Pace is pleased to present “In the Round,” a group exhibition featuring works by Agnes Martin, Michal Rovner, Kenneth Noland, Robert Rauschenberg and others. The exhibition is on view at 32 East 57th Street through August 15.
Art Everywhere UK: David Hockney’s “My Parents” (1977) will be displayed across 30,000 billboards and outdoor sites throughout the UK as part of Art Everywhere UK’s public art initiative. Of the 25 artists included in the project, Hockney’s work was voted the “nation’s favorite” in an online Facebook poll.
Closing Soon: “Golems,” an exhibition of new work by Adrian Ghenie, will be on view at Pace London, 6 Burlington Gardens through July 26. Here is an installation view of the exhibition and Ghenie’s “Self Portrait as Charles Darwin” (2014), oil on canvas.
Reblog via artlog: "teamLab in NYC"
If you are interested in the intersection of art and technology, then make Pace Gallery in Chelsea your first stop for the first ever US exhibition of the Japanese collective teamLab. Do not let collective deceive you. This group led by Toshiyuki Inoko is made up of over 300 “ultra-technologists;” a company, agency, and innovation lab all in one, teamLab works on dozens of projects at a time that include animation, sound, internet, interactive and immersive installations. At the exhibition’s opening, Inoko declared, “I just like the digital better than the phsyical.”
The works in the installation are undeniably Japanese, with influences from classical Japanese art, Japanese gardens, the Edo period, and Ukiyo-e woodblock prints, all the way to modern day anime. At the same time, as you lose yourself spinning through their 3D worlds or flying through the universe with the crows, you can’t help but feel like you are looking at the future of art.
Get a further glimpse of teamLab’s work on their Youtube page.
teamLab’s exhibition Ultra Subjective Space is open until August 15, 2004 at Pace Gallery’s 508 & 510 West 25th Street locations.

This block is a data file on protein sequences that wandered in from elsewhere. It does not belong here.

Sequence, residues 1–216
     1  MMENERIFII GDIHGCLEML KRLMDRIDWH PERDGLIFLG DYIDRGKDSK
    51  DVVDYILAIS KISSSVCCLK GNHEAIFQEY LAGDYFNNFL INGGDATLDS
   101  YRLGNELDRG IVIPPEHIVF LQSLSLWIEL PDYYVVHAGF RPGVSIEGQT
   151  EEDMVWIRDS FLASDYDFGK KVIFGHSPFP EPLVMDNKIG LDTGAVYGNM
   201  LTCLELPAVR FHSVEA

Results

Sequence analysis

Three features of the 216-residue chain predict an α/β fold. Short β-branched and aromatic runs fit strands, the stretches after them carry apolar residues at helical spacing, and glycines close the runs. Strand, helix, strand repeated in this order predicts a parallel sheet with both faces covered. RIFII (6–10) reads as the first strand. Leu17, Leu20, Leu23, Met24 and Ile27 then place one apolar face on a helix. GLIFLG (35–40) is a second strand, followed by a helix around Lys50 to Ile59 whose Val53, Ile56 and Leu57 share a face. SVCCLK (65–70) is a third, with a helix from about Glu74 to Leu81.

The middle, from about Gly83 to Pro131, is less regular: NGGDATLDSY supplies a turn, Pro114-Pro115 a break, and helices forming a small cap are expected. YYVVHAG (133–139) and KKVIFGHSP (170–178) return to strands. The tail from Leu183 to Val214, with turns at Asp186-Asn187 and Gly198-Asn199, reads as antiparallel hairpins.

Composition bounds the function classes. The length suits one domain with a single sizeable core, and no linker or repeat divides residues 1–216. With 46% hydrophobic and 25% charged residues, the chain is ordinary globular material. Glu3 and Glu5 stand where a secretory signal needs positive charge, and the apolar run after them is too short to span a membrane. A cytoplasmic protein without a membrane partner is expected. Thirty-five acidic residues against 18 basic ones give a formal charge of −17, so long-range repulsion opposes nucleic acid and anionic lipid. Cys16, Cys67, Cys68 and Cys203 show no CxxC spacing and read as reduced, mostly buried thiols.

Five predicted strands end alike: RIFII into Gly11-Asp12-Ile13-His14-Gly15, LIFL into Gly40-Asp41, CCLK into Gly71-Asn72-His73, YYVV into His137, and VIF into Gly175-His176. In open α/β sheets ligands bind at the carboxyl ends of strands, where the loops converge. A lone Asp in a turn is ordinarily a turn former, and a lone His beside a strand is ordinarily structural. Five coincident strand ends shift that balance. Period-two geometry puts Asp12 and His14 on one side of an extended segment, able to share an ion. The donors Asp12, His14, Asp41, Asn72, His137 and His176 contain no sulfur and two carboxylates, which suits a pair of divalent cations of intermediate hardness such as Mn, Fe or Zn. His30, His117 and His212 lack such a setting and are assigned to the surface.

Wisdom Wednesday: “I, the sculptor, am the landscape. I am the form and I am the hollow, the thrust and the contour.” - Barbara Hepworth
“Barbara Hepworth: Within the Landscape" at the Abbot Hall Art Gallery is on view through September 28. The exhibition explores the artist’s relationship with the English landscape and includes her iconic sculptures, photographs, and ephemera. Here is her "Moon Form" (1968), white marble.
Opening Soon: Ultra Subjective Space, an exhibition of six digital installations by Japanese artist collective teamLab, opens Thursday, July 16. teamLab is made up of artists, editors, programmers, engineers, mathematicians, architects, web and print graphic designers, and CG animators. Together, the group creates mesmerizing digital works rooted in traditional 17th century Japanese art and contemporary anime. Ultra Subjective Space will be on view at 508-510 West 25th Street from July 17 to August 15.
Pace Chesa Büsin: Pace is pleased to present a retrospective of Zhang Huan’s work at Chesa Büsin in Zuoz, Switzerland from July 14 through August 31. Encompassing the past 20 years of Zhang Huan's career, the exhibition will explore themes of Buddhism, existentialism and the limits of the human body that have been central to his artistic practice since 1994.
Image: 1/2 (Meat + Text), 1998, chromagenic color print.